U.S.C. § 111 and the constitutional doctrine of intergovernmental
tax immunity because Michigan fully taxed all federal pensions
while exempting all state pensions. The Court held that any
difference in tax treatment between federal and state employees
must be justified by significant differences between the two
groups. According to the Court, Michigan's justification for its
statutory exemption -- its interest in hiring and retaining
qualified civil servants -- was irrelevant to any inquiry into the
difference between the two classes, no matter how substantial such
an interest might be.
In response to Michigan's argument that the exemption was
designed to compensate for comparatively lesser returns afforded by
state retirement benefits as compared to federal benefits, the
Supreme Court stated that although this was probably true when
comparing the average state employee to the average federal employee, it was certainly not true in a number of instances.
Furthermore, the court concluded, if the difference in pay were
truly the state's motivation, it would have adopted a statutory
scheme based upon the amount of retirement benefits received, not
upon the source of the benefits.
After Davis, the Supreme Court held in Barker v. Kansas,
supra, that 4 U.S.C. § 111 also applies to military retirement. In
Barker, Kansas taxed military retirement while exempting all state
and local retirement benefits and most federal pensions.See footnote 1 The
Supreme Court found the tax on military pensions discriminatory
under 4 U.S.C. § 111 because it failed to pass the test of "whether
the inconsistent tax treatment is directly related to, and
justified by significant differences between the two classes."
The appellees in the case before us maintain that,
pursuant to the holding in Davis and Barker, the test of whether a
state tax scheme violates 4 U.S.C. § 111 is whether there exists
substantial differences between the two classes that justify the
discrimination. We agree that the holdings in Davis and Barker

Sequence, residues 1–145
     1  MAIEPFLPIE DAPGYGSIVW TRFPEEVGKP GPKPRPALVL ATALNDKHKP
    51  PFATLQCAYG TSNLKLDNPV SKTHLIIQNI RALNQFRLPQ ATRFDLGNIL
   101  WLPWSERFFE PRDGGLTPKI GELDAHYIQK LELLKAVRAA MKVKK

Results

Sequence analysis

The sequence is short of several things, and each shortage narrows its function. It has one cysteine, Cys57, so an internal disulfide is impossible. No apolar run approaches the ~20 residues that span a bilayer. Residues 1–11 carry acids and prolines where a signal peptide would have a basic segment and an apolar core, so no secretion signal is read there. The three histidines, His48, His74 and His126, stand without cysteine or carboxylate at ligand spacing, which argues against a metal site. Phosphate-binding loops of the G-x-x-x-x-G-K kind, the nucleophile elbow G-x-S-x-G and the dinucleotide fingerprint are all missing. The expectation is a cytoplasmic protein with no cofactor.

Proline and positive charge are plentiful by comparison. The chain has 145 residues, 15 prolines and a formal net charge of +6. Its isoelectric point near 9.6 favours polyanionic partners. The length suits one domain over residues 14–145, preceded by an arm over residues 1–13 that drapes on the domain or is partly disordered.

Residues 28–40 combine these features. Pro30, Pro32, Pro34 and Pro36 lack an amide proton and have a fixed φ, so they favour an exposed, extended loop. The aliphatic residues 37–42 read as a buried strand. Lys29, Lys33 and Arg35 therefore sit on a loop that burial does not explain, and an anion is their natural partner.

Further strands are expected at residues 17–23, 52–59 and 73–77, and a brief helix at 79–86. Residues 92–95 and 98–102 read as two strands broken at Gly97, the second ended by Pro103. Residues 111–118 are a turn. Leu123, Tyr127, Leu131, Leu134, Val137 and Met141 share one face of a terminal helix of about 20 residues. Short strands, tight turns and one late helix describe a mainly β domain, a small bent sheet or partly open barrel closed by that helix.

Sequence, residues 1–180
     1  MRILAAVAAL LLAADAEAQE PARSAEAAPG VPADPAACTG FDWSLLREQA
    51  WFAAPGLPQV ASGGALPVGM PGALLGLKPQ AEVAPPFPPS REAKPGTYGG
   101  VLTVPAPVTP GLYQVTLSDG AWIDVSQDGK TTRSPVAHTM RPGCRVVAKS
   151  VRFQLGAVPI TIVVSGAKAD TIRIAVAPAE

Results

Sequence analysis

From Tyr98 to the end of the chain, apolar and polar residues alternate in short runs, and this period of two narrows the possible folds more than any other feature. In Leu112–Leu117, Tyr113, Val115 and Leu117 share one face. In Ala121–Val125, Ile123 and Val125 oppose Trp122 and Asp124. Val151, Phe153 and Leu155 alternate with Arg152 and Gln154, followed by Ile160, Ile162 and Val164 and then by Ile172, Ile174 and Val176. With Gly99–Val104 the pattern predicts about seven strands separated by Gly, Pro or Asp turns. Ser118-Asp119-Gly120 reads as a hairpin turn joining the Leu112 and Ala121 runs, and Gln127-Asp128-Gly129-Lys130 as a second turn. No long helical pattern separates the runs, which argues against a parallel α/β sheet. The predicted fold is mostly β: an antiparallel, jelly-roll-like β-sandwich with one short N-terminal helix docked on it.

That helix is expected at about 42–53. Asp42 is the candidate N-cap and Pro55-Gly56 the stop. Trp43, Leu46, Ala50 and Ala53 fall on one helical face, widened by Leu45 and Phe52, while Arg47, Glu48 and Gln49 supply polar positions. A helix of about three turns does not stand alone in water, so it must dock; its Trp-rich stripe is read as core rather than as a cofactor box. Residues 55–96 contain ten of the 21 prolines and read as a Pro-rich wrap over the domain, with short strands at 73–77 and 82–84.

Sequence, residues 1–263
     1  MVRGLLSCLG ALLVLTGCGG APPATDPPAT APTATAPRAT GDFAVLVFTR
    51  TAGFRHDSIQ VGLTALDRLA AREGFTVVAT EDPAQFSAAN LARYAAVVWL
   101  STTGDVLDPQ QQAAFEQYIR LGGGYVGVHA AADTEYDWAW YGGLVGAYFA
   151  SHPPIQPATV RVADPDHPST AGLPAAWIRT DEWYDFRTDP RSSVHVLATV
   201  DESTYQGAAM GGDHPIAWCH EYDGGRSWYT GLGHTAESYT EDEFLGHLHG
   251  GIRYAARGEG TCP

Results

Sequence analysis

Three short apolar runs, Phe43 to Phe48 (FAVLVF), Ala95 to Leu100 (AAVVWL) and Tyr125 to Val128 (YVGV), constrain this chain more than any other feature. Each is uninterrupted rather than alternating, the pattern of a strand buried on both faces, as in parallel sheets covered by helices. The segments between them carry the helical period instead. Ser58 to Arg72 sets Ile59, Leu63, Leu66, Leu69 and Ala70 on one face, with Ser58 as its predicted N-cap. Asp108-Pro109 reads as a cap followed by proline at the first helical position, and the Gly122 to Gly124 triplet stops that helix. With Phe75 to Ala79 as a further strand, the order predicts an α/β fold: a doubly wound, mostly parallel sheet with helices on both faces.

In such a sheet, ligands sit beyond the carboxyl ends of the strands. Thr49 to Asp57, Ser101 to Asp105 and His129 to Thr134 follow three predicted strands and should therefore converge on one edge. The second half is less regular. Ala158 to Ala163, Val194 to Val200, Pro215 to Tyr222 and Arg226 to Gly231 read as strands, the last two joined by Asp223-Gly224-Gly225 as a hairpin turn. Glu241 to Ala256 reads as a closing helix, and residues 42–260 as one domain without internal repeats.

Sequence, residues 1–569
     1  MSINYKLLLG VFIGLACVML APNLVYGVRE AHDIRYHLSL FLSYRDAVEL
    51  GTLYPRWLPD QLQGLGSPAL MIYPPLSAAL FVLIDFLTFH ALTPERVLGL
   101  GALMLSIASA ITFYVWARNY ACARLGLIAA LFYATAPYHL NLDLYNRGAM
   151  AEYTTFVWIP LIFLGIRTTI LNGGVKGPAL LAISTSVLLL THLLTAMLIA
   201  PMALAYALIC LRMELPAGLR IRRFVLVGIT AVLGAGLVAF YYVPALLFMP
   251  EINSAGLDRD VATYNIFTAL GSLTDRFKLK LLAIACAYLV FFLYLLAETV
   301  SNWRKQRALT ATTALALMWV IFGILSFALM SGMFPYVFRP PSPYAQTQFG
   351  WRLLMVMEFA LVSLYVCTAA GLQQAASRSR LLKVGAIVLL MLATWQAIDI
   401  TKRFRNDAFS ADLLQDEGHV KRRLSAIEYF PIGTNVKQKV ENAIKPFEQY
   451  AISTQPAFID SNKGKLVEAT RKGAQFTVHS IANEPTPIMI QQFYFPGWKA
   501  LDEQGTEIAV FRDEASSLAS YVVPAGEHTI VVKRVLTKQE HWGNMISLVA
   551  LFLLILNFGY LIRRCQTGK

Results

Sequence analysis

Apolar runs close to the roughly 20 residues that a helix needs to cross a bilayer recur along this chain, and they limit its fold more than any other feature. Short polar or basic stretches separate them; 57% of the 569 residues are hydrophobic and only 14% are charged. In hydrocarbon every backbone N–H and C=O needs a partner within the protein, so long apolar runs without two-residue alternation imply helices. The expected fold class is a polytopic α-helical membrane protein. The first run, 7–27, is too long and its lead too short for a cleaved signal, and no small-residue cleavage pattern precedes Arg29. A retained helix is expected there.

would appear to call into question West Virginia's scheme that
exempts a narrow class of state employees from state taxation while taxing federal employees. However, West Virginia's scheme differs
from the Michigan and Kansas schemes invalidated by the Supreme
Court in that there is no intent in the West Virginia scheme to
discriminate against federal retirees; rather, the intent is to
give a benefit to a very narrow class of former state and local
employees. This may at first appear to be a distinction without a
difference, but political reality demonstrates that the distinction
is viable, as the case of AFC Industries, __ U.S. __ (62 LW 4097)
(1994), discussed infra, demonstrates. In both Michigan and
Kansas, the schemes struck down by the Supreme Court were
consciously designed to place lower taxes on the better organized
(and therefore politically more powerful) constituencies and higher
taxes on the badly organized (and therefore politically weaker)
It hardly takes a road map for us to figure out that
state employees in Michigan constitute a powerful, ongoing lobby
that is well organized, well funded, and backed up by election day
artillery. In contrast, federal employees in Michigan constitute
a small proportion of the electorate, with lobbying efforts aimed
predominantly at Washington from whence cometh both their rate of
pay and conditions of employment. Thus, although postal workers
may be a well-organized national lobby, they are a nugatory
presence in a local state house.
In Kansas, the tax scheme accommodated both retired state
employees and most retired federal civilian employees, imposing
higher taxes on only retired military personnel and certain exotic
federal civilian retirees like CIA agents and federal judges. In
doing so, the Kansas legislature chose to exact taxes from a
segment of the population unlikely to retaliate politically because
their national service had kept them away from the local political
In the case before us, three facts conclusively
demonstrate that no calculated scheme or plan exists to
discriminate against retired military personnel based on the source
of their income: (1) retired military personnel are treated more
favorably than West Virginians who have retired from civilian
occupations; (2) retired military personnel are treated equally
with all persons retired from the West Virginia Public Employees
Retirement System and the West Virginia Teachers Retirement System;
and (3) along with state public employees and teachers, military
retirees are treated substantially more favorably than persons
retired from the West Virginia Judicial Retirement System.
In Department of Revenue v. ACF Industries, Inc., supra,
Oregon exempted from its ad valorem property tax various classes of
business personal property, but not railroad cars owned by various
carlines. The carlines filed suit in federal court alleging that the tax violated the Railroad Revitalization and Regulatory Reform
Act of 1976 because it exempted certain classes of commercial
property from taxation whilst taxing railroad cars in full. The
Supreme Court held that the Railroad Revitalization and Regulatory
Reform Act of 1976 did not limit the states' discretion to exempt
non-railroad property (but not railroad property) from generally
applicable ad valorem property taxes. The court held that "another
tax that discriminates against a rail carrier" is a residual
category designed to reach any discriminatory state tax, including
property taxes, but that the whole structure of the tax protections
offered by the Railroad Revitalization and Regulatory Reform Act of
1976 did not intend to prohibit normal property tax exemptions. In